In her commentary on 1 Peter, Karen Jobes offered an original and astute defense of Petrine authorship against the common charge that its Greek is too refined for a Palestinian Jewish fisherman.
I recently ran across two examples that are analogous to her argument. There's a Chinese Christian blogger who's currently a student at an American seminary.
Normally he writes in a very educated English style. As a rule, his English style is more complex and erudite than many native English speakers.
I chalk that up to the fact that his English is heavily influenced by the kind of reading he does. Reading English-speaking theologians and Bible scholars. Academic prose.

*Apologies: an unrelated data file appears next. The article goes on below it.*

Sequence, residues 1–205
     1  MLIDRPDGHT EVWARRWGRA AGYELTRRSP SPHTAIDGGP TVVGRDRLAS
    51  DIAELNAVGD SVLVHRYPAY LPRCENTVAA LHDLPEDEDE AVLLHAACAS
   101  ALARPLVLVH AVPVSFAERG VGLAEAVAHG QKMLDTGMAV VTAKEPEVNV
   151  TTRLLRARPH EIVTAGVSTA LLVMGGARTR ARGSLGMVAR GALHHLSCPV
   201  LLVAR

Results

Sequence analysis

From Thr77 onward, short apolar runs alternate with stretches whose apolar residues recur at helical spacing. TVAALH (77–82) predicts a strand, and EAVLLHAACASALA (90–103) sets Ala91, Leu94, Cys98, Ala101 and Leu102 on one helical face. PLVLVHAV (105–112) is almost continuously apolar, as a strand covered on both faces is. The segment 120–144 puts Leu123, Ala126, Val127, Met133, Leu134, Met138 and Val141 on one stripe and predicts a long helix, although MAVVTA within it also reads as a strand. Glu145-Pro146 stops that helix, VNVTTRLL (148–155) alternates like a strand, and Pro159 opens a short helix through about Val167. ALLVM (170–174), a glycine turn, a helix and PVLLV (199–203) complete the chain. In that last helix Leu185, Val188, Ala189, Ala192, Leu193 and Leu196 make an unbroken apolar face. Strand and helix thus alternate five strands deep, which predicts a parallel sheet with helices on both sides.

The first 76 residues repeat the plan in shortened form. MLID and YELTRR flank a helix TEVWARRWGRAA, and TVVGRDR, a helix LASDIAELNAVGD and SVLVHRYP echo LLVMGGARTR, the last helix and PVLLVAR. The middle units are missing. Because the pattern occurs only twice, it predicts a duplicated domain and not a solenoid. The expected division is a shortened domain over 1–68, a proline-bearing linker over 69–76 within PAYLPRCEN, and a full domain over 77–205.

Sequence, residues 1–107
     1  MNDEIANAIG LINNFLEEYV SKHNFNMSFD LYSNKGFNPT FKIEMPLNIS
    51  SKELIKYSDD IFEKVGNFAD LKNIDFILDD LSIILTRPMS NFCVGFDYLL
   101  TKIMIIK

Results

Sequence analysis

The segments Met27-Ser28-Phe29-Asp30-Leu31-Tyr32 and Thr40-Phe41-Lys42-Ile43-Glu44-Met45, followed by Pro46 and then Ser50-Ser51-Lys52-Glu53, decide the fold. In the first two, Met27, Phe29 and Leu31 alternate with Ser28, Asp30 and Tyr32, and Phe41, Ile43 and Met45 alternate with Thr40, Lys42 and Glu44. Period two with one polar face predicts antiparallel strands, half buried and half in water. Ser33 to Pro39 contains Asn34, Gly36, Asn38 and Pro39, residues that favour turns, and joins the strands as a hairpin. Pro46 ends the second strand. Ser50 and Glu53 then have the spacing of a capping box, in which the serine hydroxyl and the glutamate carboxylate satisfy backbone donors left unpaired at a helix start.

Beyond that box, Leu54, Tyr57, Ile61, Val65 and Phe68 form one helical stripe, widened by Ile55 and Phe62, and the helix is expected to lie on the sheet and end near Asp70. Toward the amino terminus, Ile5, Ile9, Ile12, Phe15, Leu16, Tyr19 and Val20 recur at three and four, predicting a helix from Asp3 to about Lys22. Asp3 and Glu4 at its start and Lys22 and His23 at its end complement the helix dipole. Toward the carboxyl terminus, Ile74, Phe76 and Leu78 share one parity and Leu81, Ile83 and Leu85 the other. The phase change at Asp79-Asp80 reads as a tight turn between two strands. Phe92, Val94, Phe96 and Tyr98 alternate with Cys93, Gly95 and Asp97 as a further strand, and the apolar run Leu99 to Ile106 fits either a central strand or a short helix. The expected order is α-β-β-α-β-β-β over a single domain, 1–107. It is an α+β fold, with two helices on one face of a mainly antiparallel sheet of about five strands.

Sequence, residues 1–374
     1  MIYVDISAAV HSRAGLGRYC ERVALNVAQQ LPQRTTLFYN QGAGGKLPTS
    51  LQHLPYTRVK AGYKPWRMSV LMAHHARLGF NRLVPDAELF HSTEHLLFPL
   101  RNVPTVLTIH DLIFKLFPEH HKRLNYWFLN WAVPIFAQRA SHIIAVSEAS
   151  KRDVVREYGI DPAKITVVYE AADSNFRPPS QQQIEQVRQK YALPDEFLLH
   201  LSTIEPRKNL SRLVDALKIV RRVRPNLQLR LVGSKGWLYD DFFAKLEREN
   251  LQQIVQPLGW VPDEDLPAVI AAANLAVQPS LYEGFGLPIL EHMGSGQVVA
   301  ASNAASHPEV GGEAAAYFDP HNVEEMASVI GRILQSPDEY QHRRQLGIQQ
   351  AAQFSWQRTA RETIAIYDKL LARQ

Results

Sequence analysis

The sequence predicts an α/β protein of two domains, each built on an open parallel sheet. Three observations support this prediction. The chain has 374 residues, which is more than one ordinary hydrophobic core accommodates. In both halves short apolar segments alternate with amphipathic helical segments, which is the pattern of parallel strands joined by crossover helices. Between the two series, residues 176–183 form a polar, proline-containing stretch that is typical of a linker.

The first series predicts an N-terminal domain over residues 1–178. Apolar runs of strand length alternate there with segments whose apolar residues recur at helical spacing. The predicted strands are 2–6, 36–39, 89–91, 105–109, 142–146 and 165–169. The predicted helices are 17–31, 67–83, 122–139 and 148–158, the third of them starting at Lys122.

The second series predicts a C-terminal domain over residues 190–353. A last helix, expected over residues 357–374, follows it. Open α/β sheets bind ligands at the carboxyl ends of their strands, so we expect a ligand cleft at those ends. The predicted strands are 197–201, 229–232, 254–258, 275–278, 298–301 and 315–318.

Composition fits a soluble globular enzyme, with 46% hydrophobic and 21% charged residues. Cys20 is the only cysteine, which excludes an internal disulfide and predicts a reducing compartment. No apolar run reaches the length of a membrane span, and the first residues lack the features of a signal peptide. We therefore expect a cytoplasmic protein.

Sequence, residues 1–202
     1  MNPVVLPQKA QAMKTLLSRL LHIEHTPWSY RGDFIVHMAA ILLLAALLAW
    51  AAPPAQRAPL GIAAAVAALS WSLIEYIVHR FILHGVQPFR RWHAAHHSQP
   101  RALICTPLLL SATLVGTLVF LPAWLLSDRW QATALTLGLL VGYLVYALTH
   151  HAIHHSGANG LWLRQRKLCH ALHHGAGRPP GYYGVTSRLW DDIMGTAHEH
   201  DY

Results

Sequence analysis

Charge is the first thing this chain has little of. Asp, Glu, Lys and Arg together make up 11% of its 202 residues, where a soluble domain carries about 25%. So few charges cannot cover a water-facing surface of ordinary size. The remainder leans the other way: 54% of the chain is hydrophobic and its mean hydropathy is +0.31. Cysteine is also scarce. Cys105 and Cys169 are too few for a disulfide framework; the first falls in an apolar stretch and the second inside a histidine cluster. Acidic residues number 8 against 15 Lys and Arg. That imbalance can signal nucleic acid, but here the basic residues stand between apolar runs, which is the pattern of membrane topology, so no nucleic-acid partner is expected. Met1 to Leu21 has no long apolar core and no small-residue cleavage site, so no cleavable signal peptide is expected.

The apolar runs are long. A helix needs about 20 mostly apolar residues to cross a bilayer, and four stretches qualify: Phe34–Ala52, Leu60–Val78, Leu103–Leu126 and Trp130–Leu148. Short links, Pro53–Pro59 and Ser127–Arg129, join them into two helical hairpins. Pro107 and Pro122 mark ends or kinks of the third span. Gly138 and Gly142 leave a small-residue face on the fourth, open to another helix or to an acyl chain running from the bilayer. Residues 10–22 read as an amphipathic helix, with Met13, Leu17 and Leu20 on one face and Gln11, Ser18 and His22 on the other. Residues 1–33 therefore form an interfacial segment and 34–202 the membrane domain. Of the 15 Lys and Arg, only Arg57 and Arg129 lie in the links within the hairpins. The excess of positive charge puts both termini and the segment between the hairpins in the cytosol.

Recently, however, I read two essays by him that contained a number of grammatical errors. That made me suspect that maybe his command of English is not as good as I supposed. Perhaps his usual routine is to write a draft, then have someone smooth out the grammatical infelicities. But on this occasion, for whatever reason, he didn't have that assistance.
In a related example, I was reading a Bayesian probability theorist (Tim Hendrix) commenting on atheist Richard Carrier. English is not Hendrix's native language. On the one hand, his comments contained some very technical vocabulary. On the other hand, they contained conspicuous grammatical errors (usually involving number agreement).
In both cases we have writers for whom English is a second language. Their vocabulary is more sophisticated than many native English speakers. Yet they commit syntactical blunders that a native English speaker would not.